In the early 1900s, American cities were growing rapidly, expanding upwards and outwards. Manufacturing was booming, automobile production was the hot new industry, new roads were built to link small towns to big cities and thousands were lured into the city by the promise of good paying jobs. The Roaring 20s brought greater independence for women who were now able to vote and began to express independence in other ways.
Frances Perkins was born Fanny Coralie Perkins on April 10, 1880 to Frederick Perkins & Susan E. Bean in Boston, MA almost 15 years after the Civil War ended. Her father was an amateur scholar who operated a paper goods business and loved to read Greek poetry. He began to teach her Greek grammar when she was eight.
When she’d asked her parents how people could be poor, they gave her the accepted answers of the day: that poverty was the result of alcohol or laziness. She saw that poverty was more likely due to severe injury or by irregular employment and the absence of social safety net to help workers through bad times. She read Jacob Riis' study of the tenements in New York, How the Other Half Lives and became committed to bringing justice to those living in poverty.
Perkins attended Mount Holyoke in South Hadley, Massachusetts at the age of 18 majoring in chemistry with minors in physics and biology and graduated in 1902. Emily Dickinson also attended in 1847 but withdrew at the end of her first year.
In her late 20s, Perkins returned to school and began taking courses in Economics at the University of Pennsylvania. She won a $500 fellowship to Columbia University and hoped to earn a master's degree in sociology.
In 1918, Perkins accepted Gov. Al Smith's invitation to join the New York State Industrial Commission, becoming the first female member of the commission. She was the first woman to be appointed to an administrative position in New York state government and, with an annual salary of $8000, the highest paid woman ever to hold public office in the United States.
She was asked by Franklin D. Roosevelt to serve as his Industrial Commissioner and took office in 1929 with oversight responsibilities for the entire labor department.
In February, 1933, she was again asked by Roosevelt to serve in his cabinet as Secretary of Labor. First on her agenda was federal aid for unemployment relief, and public works project to put people back to work. She wanted to improve the lives who those who had jobs by abolishing child labor, establishing laws on maximum hours worked per day and week, and on minimum wages. Her pet project was a national workers' compensation system to aid those who were injured on the job.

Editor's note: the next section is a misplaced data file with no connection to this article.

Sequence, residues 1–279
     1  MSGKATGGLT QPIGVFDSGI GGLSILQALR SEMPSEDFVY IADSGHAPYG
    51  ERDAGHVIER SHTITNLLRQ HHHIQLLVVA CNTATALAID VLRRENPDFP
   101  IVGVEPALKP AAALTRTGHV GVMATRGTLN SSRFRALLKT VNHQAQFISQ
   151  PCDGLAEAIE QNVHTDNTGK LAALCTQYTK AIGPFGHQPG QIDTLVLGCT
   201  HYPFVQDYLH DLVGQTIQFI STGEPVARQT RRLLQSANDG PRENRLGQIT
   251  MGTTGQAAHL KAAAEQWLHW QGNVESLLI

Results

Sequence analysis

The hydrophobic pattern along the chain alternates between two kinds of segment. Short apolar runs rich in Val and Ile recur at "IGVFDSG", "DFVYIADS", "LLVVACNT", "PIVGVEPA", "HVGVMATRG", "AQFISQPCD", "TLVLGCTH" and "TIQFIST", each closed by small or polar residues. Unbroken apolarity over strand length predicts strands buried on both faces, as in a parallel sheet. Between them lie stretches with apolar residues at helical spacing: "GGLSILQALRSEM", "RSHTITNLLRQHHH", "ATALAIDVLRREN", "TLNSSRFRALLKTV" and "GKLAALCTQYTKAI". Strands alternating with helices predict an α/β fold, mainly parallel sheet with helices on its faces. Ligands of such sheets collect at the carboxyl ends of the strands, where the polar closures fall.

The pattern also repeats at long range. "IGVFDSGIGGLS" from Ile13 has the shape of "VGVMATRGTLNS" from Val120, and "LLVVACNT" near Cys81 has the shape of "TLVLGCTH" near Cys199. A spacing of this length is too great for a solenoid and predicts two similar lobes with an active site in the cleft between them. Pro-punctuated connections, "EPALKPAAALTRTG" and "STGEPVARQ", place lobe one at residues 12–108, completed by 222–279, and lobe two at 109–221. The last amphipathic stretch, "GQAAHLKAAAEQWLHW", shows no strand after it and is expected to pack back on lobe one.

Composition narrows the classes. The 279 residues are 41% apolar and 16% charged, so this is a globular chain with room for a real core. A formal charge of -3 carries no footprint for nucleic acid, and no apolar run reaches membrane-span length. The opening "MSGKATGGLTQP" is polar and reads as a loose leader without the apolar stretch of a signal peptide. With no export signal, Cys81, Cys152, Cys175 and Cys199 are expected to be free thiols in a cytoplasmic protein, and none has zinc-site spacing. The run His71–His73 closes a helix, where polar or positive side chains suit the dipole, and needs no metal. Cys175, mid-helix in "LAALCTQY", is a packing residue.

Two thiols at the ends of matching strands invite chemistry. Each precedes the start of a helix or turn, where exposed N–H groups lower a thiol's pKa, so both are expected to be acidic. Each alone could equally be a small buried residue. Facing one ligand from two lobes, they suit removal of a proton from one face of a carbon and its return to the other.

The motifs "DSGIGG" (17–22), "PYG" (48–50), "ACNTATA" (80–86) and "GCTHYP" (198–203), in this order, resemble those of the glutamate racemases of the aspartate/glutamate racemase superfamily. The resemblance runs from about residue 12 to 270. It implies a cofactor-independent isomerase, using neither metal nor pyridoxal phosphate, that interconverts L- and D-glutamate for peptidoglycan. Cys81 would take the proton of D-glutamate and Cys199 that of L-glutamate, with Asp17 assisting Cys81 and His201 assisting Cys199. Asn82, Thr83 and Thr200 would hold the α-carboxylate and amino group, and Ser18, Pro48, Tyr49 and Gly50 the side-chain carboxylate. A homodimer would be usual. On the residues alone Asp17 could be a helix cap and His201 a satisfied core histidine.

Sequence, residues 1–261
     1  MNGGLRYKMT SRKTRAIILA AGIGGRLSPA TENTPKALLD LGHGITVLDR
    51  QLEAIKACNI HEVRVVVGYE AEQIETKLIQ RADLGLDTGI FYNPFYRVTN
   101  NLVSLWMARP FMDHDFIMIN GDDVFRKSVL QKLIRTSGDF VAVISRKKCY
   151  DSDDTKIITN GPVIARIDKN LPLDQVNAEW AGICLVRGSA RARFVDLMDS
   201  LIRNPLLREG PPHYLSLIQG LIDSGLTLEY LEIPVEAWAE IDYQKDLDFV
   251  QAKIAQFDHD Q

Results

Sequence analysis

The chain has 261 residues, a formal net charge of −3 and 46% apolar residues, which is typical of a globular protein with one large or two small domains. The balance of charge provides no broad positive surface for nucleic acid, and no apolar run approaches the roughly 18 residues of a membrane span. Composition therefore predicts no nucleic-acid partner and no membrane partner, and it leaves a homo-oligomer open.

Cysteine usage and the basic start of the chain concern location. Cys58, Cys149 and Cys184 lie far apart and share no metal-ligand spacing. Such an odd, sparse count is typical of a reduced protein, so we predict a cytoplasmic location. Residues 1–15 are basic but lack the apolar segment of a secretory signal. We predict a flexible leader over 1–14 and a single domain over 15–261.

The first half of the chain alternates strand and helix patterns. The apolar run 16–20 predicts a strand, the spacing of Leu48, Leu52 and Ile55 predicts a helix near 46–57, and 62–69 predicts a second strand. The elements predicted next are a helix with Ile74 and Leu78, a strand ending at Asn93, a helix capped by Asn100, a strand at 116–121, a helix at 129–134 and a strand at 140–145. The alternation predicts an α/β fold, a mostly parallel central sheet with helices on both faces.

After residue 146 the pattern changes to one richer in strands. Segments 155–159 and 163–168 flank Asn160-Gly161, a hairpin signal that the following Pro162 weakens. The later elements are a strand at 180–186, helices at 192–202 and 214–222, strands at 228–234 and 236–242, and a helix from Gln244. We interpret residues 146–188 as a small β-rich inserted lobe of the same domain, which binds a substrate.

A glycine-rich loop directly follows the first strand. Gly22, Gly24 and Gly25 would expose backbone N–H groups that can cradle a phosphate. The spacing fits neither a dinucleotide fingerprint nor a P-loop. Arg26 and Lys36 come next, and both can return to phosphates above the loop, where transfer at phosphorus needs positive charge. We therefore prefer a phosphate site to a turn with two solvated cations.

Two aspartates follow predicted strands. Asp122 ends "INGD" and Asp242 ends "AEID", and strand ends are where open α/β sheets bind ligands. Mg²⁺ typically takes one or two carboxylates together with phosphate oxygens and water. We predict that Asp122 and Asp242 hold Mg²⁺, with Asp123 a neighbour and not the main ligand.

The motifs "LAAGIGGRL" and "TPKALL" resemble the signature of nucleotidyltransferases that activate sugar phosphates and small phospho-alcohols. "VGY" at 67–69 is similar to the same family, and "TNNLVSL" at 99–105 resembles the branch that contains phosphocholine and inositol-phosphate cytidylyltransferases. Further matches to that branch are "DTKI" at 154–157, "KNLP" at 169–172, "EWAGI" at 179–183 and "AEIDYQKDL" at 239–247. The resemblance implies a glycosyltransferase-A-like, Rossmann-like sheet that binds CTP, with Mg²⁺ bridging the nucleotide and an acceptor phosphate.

In 1934, Roosevelt appointed Frances Perkins to head a Committee on Economic Security, where she forged the blueprint of legislation finally enacted as the Social Security Act. Signed into law by the President on August 14, 1935, the Act included a system of old age pensions, unemployment compensation, workers’ compensation and aid to the needy and disabled. Ida Fuller received the first social security check number 00-000-001 on January 30, 1940.
"Every man and woman in America who works at a living wage, under safe conditions, for reasonable hours, or who is protected by unemployment insurance or Social Security is Frances Perkins' debtor."
In 1938, Congress enacted the Fair Labor Standards Act, also crafted with the support of Perkins, establishing a minimum wage and maximum work hours and banning child labor.
On September 1, 1939, German troops invaded Poland and World War II began. Japanese planes attacked Pearl Harbor on December 7, 1941. Before Pearl Harbor, 4,000 women worked in the manufacture of airplanes, a number which skyrocketed to 200,000 a year later.
Women were hired to build ships, planes, guns, trucks and other supplies. In 1942, Perkins reported that at least 4 million U.S. women were working in war industries and millions in defense-related jobs. Prejudice against women workers relaxed during the war.
By 1942, military production in the U.S. equaled that of the combined power of Germany, Italy and Japan (the Axis powers).
Perkins served 12 years as secretary of labor. She died on May 14, 1965 at the age of 85 and is buried alongside her husband, Paul Wilson.
One controversy surrounding her life is refusing to admit that she was born in 1880, instead leading the public to believe that she was 2 years younger. From that grew a rumor that she was a "foreign-born Jew," stemming from reporters would could not find a birth certificate for her from 1882. What they did find was a marriage certificate from a Paul Wilson, naming his wife as Matilda Wadski, whom they insisted was Frances Perkins.
"There is always a large horizon... There is much to be done... I am not going to be doing it! It is up to you to contribute some small part to a program of human betterment for all time."
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